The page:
Patient involvement in diagnosing cancer in primary care

Lead: Dr Jane Heyhoe / Professor Rebecca Lawton

Collaborators: Professor Ian Watt (University of York)


Diagnostic delay can have a serious impact on treatment options and outcomes for patients with cancer. Researchers and policy makers suggest that patients could play an important role in helping to achieve a quicker cancer diagnosis by assisting with the follow-up and review of symptoms. Recent National Institute for Health and Care Excellence (NICE) guidelines for recognition and referral of suspected cancer also advocates that patients should be involved in safety netting when symptoms may potentially be due to cancer. While there is increasing interest in the role that patients may have in reducing diagnostic delay, there is currently very little research on this topic.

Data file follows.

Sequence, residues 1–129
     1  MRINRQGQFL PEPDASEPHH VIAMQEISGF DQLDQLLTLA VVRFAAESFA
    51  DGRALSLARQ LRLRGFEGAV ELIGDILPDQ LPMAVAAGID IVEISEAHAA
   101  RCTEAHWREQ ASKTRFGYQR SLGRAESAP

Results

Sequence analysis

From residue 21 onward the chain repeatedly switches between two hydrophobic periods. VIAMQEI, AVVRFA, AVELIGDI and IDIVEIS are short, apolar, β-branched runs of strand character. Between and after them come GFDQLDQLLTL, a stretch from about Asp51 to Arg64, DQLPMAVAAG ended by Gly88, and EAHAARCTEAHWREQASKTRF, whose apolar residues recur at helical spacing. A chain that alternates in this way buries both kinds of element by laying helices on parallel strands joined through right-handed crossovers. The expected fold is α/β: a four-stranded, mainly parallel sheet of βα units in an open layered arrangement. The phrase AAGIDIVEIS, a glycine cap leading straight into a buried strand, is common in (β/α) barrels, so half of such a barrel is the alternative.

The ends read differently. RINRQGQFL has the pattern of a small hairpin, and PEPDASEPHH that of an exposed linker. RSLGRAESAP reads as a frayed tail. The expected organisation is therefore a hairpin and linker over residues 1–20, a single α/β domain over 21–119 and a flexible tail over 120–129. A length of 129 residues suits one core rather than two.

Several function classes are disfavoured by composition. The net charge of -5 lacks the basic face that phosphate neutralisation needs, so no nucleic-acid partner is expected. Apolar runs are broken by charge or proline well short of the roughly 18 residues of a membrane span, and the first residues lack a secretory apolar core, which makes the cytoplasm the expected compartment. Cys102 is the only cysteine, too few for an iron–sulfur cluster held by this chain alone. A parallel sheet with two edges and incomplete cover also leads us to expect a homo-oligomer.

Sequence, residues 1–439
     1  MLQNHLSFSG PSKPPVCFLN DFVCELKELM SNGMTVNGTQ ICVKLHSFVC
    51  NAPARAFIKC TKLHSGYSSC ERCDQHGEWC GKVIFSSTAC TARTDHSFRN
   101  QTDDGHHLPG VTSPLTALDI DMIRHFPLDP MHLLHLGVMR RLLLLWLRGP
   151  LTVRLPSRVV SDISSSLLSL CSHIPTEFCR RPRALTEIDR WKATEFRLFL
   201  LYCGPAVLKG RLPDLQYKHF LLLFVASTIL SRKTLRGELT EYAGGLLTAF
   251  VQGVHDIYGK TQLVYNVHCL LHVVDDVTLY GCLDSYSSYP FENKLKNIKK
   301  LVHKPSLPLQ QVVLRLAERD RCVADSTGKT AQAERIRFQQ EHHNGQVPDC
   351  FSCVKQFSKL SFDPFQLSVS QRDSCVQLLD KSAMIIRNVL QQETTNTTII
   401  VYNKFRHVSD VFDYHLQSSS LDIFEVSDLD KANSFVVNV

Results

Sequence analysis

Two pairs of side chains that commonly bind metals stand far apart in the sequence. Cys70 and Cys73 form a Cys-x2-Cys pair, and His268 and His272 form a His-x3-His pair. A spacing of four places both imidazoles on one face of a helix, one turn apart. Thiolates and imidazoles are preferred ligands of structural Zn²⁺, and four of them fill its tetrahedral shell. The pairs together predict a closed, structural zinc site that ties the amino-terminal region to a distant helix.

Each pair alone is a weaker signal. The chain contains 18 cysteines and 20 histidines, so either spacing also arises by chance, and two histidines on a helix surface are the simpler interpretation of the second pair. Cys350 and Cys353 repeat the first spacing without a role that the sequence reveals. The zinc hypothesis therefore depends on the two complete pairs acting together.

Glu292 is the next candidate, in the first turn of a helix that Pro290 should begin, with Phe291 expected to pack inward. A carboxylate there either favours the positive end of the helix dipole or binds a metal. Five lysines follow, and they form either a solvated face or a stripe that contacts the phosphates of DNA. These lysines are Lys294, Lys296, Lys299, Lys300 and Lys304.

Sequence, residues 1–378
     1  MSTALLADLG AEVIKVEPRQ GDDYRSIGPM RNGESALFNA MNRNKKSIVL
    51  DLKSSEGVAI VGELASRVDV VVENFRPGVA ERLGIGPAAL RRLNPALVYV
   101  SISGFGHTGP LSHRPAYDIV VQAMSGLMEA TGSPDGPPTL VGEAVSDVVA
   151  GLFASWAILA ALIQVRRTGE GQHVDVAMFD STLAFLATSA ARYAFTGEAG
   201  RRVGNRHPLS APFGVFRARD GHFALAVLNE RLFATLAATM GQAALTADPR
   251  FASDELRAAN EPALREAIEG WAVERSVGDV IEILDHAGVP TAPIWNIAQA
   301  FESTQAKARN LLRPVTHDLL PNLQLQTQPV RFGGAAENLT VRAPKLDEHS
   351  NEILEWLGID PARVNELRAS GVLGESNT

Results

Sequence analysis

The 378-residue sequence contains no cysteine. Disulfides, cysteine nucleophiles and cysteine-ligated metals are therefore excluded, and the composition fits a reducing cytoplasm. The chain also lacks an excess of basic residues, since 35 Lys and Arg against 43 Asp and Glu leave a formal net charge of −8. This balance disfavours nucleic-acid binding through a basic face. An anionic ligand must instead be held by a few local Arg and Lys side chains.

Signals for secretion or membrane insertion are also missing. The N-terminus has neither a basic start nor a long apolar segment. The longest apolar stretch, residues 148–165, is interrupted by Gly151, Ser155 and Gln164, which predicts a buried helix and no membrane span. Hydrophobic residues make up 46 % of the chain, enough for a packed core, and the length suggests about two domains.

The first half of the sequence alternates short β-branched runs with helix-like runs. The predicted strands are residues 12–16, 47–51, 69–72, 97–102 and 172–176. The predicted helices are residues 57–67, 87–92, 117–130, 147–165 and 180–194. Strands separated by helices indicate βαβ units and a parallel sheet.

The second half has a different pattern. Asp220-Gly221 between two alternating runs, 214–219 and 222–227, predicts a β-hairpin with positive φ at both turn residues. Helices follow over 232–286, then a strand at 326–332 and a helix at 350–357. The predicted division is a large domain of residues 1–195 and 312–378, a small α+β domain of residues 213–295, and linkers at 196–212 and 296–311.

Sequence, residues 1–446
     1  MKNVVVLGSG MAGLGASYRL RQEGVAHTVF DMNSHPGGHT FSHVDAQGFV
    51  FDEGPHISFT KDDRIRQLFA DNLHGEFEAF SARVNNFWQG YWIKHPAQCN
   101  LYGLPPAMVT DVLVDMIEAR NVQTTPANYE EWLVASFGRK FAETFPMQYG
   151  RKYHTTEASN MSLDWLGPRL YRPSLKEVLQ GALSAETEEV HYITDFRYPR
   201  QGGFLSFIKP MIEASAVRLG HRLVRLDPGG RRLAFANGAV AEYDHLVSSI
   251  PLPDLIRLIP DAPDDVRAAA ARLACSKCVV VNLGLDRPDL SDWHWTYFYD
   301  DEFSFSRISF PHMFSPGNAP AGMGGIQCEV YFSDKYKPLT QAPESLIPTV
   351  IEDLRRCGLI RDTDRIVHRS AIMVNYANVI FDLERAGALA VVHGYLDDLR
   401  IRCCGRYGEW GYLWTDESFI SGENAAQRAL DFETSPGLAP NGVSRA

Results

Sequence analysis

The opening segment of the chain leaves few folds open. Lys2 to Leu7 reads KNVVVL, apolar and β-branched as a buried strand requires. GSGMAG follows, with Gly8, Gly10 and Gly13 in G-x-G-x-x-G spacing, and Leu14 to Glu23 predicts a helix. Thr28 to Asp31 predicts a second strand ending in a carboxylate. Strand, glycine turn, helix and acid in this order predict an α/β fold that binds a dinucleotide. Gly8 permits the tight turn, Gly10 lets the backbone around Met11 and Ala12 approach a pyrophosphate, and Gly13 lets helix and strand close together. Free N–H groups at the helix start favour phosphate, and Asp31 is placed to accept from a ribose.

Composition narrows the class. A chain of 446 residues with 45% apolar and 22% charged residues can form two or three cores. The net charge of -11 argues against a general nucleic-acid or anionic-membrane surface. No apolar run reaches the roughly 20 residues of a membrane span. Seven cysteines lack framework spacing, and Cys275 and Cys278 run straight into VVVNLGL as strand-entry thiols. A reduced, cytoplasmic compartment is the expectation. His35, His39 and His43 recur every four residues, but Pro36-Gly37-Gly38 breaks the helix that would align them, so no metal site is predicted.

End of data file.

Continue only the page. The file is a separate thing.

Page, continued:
We are currently undertaking a small project to examine whether interventions that involve patients in cancer diagnosis in primary care are acceptable to all stakeholders and to assess and identify the types of interventions that have the potential to become a sustainable component of standard care and improve the diagnosis of cancer in a primary care setting. In order to do this, we will interview patients who have received a cancer diagnosis, GPs and Nurse Practitioners and hold focus groups with stakeholders.


  1. Heyhoe, J., Reynolds, C., Dunning, A., Johnson, O., Howat, A., & Lawton, R. (2018). Patient involvement in diagnosing cancer in primary care: a systematic review of current interventions. Br J Gen Pract68(668),
  2.  Heyhoe J, Reynolds C, Lawton R. How acceptable is patient involvement in the early diagnosis of cancer in primary care and how might it be done? A qualitative exploration with primary care stakeholders. British Journal of General Practice